[0005] Accordingly, there is a desire to provide a supersonic jet aircraft which, whilst complying with the noise legislation pertaining to supersonic jet aircraft, also improves the drag efficiency.

[0006] The present disclosure is at least partly based on a realisation that overall performance can be improved by not trying to configure all engines to meet both requirements.

SUMMARY OF THE DISCLOSURE



[0007] The present disclosure provides a supersonic jet aircraft and a method of operating such a supersonic jet aircraft as set out in the appended claims.

[0008] In a first aspect, the disclosure provides a supersonic jet aircraft having at least three turbofan engines and an engine management computer;

a first engine of the at least three turbofan engines is configured to be de-activatable during flight to move from an operational state in which it provides thrust to an operational state in which it stops providing thrust;

the other engines of the at least three turbofan engines are configured to provide sufficient thrust to the supersonic jet aircraft when the first engine is de-activated such that the aircraft can perform a supersonic climb operation and/or a supersonic cruise operation;

and the engine management computer is configured to: command thrust from the first engine during a subsonic operation of the supersonic jet aircraft; and automatically de-activate the first engine when the subsonic operation is complete.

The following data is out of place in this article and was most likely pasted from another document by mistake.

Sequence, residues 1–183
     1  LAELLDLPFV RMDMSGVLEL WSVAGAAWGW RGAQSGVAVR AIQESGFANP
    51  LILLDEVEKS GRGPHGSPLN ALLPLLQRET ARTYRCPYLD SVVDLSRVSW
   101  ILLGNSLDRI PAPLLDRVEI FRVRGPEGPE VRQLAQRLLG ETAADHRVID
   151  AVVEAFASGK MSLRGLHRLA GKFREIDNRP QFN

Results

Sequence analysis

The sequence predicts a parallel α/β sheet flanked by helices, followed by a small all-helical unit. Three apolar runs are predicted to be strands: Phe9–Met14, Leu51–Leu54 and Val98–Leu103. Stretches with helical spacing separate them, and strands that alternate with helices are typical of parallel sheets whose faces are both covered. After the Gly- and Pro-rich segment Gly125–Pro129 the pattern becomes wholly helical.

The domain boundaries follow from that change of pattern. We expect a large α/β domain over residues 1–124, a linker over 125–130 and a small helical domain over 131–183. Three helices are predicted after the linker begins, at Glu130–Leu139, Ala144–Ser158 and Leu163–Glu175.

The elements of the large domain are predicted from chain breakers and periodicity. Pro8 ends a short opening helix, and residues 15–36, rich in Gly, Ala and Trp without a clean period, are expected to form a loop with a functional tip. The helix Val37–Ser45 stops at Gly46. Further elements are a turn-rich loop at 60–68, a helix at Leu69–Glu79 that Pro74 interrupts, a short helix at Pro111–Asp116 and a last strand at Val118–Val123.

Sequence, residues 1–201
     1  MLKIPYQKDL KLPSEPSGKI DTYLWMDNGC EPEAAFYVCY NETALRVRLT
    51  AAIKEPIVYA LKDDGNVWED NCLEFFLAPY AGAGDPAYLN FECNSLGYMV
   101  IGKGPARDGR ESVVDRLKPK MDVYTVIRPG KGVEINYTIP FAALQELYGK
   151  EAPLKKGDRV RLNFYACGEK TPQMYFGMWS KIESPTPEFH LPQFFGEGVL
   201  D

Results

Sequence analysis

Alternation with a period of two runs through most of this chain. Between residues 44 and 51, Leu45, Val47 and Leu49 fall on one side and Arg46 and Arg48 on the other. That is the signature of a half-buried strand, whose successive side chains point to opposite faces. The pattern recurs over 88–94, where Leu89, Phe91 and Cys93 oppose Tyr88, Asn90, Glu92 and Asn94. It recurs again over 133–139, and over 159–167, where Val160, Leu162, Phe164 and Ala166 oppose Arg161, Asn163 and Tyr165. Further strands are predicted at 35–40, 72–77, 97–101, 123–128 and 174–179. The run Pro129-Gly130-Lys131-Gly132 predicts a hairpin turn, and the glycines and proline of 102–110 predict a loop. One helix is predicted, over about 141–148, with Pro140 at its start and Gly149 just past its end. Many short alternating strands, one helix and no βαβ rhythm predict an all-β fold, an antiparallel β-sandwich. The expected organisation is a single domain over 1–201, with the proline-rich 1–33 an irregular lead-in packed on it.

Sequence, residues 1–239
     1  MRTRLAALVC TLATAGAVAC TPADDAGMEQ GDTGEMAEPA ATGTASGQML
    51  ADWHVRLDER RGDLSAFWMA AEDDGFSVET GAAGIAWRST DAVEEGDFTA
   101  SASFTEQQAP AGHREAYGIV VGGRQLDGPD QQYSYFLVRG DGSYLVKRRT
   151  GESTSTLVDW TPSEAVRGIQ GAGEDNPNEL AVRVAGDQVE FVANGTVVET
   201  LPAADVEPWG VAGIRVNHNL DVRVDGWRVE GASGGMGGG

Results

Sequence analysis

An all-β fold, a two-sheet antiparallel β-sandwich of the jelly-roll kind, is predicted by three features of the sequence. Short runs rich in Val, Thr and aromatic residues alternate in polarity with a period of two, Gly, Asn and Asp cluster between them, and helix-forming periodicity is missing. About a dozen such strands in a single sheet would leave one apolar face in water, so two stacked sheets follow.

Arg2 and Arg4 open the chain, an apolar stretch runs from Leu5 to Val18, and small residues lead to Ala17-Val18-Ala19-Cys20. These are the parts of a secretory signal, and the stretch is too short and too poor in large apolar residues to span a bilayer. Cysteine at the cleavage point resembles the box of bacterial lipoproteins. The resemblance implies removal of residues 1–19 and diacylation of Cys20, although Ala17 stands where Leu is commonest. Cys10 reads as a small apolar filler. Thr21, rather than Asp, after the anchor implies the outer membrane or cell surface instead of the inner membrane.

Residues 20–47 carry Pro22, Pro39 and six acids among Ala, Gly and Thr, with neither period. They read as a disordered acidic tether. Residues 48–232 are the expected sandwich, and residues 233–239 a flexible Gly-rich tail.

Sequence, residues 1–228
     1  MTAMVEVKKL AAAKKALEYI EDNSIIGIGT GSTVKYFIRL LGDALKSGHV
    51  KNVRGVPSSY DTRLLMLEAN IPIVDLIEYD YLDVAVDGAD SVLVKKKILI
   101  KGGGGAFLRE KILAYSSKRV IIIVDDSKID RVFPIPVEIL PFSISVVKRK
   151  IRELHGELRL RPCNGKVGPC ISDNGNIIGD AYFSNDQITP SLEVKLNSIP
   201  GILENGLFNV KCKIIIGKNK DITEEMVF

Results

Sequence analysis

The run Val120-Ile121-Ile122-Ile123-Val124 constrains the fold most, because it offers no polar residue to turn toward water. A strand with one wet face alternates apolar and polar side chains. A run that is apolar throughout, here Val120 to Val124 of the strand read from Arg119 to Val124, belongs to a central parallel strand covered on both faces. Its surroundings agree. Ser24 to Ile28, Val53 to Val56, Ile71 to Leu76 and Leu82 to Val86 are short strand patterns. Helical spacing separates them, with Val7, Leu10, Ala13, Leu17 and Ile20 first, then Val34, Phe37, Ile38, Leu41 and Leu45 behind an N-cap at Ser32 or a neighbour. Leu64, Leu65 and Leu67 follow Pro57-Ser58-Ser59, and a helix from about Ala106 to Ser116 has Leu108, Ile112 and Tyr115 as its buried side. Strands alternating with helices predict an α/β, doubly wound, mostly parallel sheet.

[0009] By providing engines so configured, the supersonic jet aircraft of the first aspect has increased efficiency during supersonic operations. Surprisingly, it was found that the weight cost of configuring the other engines such that they alone provide sufficient thrust to the supersonic jet aircraft to perform the supersonic climb operation and/or supersonic cruise operation can be more than offset by the efficiencies gained by the effective reduction in cross-sectional area achieved by maintaining the first engine in a de-activated state during supersonic operations. Further, by de-activating the first engine during supersonic operations significant weight savings can be achieved in the aircraft structure as mountings and/or load paths arrangements, which would otherwise be necessary, may be avoided. In addition, the first engine does not require a fully supersonic engine installation i.e. its inlet and exhaust arrangement does not need to be suitable for supersonic operations. This can reduce its drag and weight contribution in comparison to a fully supersonic engine.

[0010] The supersonic jet aircraft may have any one or, to the extent that they are compatible, any combination of the following optional features.

[0011] The first engine may be further configured to be re-activatable during flight to move back to an operational state in which it provides thrust. As such, the supersonic jet aircraft of the first aspect has increased resilience in the case of one or more engine failures. Moreover, should the supersonic jet aircraft transiently require additional thrust (for example, during a dash operation) the first engine can be re-activated. The first engine may be configured such that it can only be re-activated during subsonic operations. There may be more than one de-activatable engine. All the other engines of the at least three turbofan engines may be configured to provide sufficient thrust to the supersonic jet aircraft when the first engine is de-activated such that the aircraft can perform a supersonic climb operation and/or a supersonic cruise operation.